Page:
NASHVILLE — Tennessee lawmakers hope to finish their annual session this week, acting on Gov. Phil Bredesen’s proposed budget cuts and a voluntary buyout package for employees and resolving an impasse over lottery surpluses.
Tossed into the mix is a potential Senate battle over extending the life of a panel that recommends judicial appointments for the governor, and lawmakers said they have a full platter.
The General Assembly convened Jan. 8.
Hopes of ending the session last week began collapsing as Democratic Gov. Bredesen outlined a revised approach to balance the 2009 budget. House Democrats split over a lack of detail in a key provision — proposed voluntary buyouts for 2,011 state employees.
Gov. Bredesen estimates the employee cuts will save $64 million in annual expense. He warned layoffs will be necessary if buyouts fail to attract enough workers and on Friday he urged members of his own party to trust him.
“In the end, the legislature has to trust the administration a little bit to put this thing together and administer it. I certainly think we’ve earned that trust over these last few years,” the governor said.
Opponents suggested recessing until June to learn more about the buyouts, but Gov. Bredesen expects to provide more details early this week.
Senate Democrats and Republicans as well as many House Republicans are willing to trust the governor on the buyout issue, which the Tennessee State Employees Association is opposing.
“I think a voluntary buyout, or however they’re terming it, is a reasonable approach to trying to get staff reductions to the point where we can balance our budget,” said Sen. Bo Watson, R-Hixson, a member of the Senate Finance Committee.
Senate Democratic Leader Jim Kyle of Memphis agreed.
“I trust the governor to do the very best he can,” he said.
Bolstered by complaints from the employees association, Rep. Mike Turner, D-Nashville, and other legislative opponents attacked the buyout plan’s lack of detail and pushed to use $100 million in one-time funds from the state’s $750 million rainy day account to pay salaries for another year.
He contends he has a majority of House members willing to support his position.
The governor argued using one-time money for ongoing expenses is “exactly the road that led to income tax proposals and everything else a number of years ago” during the administration of former Gov. Don Sundquist.
Lawmakers voiced displeasure that recommendations on cuts to next year’s proposed $27.88 billion budget have come late and are forcing them to act hastily.
“You work the entire session down to the last week before you even get to look at the budget and see what the governor’s proposal is,” said Rep. Vince Dean, R-East Ridge.
The governor held off on making final recommendations so he could evaluate April revenues.
LOTTERY BRIGHT SPOT
In a year where a faltering economy is causing the state to cut virtually everywhere, lawmakers hope a lottery agreement will provide at least one bright spot in a bleak budget.
“I think there’ll be huge attempts to find common ground before Tuesday,” said Sen. Andy Berke, D-Chattanooga.
The House and Senate last week agreed on two key points — using $360 million in reserves to expand lottery-funded college scholarships and to create a $100 million fund to pay for energy-efficiency grants and loans for K-12 schools.
But lawmakers remained divided at week’s end over how to expand college scholarships.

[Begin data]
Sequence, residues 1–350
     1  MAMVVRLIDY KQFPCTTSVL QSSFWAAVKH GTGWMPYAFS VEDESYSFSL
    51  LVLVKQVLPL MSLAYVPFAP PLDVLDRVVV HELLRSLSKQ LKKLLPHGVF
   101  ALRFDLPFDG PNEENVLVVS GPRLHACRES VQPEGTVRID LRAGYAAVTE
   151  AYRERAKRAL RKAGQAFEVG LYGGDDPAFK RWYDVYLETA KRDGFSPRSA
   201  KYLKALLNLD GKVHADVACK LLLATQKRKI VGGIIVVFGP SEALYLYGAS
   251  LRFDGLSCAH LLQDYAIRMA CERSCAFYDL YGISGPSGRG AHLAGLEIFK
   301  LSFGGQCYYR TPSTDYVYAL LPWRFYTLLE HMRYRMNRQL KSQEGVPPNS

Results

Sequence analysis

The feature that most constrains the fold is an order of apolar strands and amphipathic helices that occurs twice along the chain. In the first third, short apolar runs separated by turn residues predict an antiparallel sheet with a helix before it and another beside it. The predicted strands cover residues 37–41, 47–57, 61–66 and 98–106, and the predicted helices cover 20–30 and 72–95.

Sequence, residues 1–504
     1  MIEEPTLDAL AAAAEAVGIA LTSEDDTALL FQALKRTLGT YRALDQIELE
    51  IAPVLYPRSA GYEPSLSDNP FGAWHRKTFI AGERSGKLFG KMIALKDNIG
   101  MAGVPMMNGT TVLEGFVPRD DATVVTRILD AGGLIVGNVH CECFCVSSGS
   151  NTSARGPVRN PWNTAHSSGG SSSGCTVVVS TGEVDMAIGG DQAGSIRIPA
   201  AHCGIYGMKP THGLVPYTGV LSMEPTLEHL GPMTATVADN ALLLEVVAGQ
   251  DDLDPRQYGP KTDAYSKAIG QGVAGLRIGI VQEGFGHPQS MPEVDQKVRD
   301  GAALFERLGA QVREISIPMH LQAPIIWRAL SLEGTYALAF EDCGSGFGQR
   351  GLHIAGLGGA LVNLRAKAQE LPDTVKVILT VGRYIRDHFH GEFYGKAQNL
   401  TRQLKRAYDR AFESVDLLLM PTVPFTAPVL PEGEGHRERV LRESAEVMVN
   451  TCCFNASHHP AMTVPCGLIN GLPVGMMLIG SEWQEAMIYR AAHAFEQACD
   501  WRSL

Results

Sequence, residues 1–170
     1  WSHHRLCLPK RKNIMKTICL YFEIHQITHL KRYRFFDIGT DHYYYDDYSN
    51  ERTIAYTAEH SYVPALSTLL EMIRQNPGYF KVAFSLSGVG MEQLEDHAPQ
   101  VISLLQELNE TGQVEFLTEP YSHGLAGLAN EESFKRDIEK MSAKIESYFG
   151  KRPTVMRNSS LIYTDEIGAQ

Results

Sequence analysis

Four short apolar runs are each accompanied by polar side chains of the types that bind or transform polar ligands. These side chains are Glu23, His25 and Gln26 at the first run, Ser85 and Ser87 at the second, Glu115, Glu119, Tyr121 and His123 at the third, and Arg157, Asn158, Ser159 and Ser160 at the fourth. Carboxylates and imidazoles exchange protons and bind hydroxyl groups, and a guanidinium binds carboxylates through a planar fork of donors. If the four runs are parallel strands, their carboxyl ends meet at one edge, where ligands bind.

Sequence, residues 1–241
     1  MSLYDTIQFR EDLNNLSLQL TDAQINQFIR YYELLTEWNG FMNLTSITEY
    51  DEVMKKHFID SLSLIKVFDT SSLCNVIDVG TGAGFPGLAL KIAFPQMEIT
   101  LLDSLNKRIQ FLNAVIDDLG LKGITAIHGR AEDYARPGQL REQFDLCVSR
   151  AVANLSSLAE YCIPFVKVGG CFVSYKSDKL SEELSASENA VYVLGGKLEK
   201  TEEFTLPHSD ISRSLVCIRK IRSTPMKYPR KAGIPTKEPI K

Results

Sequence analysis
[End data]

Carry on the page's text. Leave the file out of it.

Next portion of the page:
House Democrats want to use $17 million of the estimated $27 million in lottery growth and interest proceeds to reduce grade-point averages needed to maintain lottery scholarship for college students. The current GPA is 3.0, and the House plan would drop it to 2.75 through five years of college.
Senate Republicans, meanwhile, are pushing to reduce the GPA to 2.75 through the junior year. Both sides would devote about $10 million to needs-based scholarships. The Senate is proposing using about $10 million to assist older students returning to school and Tennessee veterans of the Iraq and Afghanistan wars.
“We cannot leave session without finishing the lottery,” Sen. Berke said. “Regardless of the differences, we have to make sure we put this money to use for scholarships, for Tennessee students.”
Another potential flashpoint is extending the life of the Judicial Selection Commission, the 17-member body that makes recommendations to the governor on filling trial and appellate court vacancies.
The House and Senate are expected to reach their 90th, or final, legislative day Tuesday, pending any changes in the schedule.
The commission’s work is a key part of the so-called Tennessee Plan, a statutory scheme in which appellate judges including state Supreme Court members do not run in partisan contests. Instead, voters decide whether to retain the appointed judges.
Gov. Bredesen and Lt. Gov Ron Ramsey, R-Blountville, have criticized sharply the Judicial Selection Panel.
The Tennessee Plan was created by state Sen. John Wilder, D-Mason, a former lieutenant governor.
The Senate Operations Committee last week blocked a bill extending the commission, but Sen. Wilder indicated he will try to bring the bill directly to the Senate floor Tuesday, the expected last day of the session.
Video: The governor speaks outAt a Times Free Press editorial board meeting on Tuesday, Gov. Phil Bredesen discussed proposed state budget cuts, problems with the sales-tax holiday and the prospects of a Volkswagen plant coming to Chattanooga.
Andy Sher is a Nashville-based staff writer covering Tennessee state government and politics for the Times Free Press. A Washington correspondent from 1999-2005 for the Times Free Press, Andy previously headed up state Capitol coverage for The Chattanooga Times, worked as a state Capitol reporter for The Nashville Banner and was a contributor to The Tennessee Journal, among other publications. Andy worked for 17 years at The Chattanooga Times covering police, health care, county government, ...